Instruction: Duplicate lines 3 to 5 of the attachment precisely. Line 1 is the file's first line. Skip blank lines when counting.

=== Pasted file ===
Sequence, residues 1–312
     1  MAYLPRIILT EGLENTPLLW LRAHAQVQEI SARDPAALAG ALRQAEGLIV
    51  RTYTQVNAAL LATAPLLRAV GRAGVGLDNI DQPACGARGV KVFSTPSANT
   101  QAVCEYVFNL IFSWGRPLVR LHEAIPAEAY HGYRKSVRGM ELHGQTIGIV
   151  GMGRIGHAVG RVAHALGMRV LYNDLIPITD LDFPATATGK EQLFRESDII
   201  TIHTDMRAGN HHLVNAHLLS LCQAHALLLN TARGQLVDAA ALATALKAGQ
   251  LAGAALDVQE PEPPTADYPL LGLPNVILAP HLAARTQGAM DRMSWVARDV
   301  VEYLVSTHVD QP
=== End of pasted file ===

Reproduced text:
    51  RTYTQVNAAL LATAPLLRAV GRAGVGLDNI DQPACGARGV KVFSTPSANT
   101  QAVCEYVFNL IFSWGRPLVR LHEAIPAEAY HGYRKSVRGM ELHGQTIGIV
   151  GMGRIGHAVG RVAHALGMRV LYNDLIPITD LDFPATATGK EQLFRESDII